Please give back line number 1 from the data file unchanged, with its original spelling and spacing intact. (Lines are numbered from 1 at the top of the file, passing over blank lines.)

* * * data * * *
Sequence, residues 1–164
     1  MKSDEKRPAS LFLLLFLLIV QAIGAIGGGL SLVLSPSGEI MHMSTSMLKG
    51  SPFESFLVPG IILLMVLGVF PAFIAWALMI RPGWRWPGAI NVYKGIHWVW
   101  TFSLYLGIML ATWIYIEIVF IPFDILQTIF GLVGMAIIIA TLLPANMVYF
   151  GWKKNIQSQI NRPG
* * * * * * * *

Sequence, residues 1–164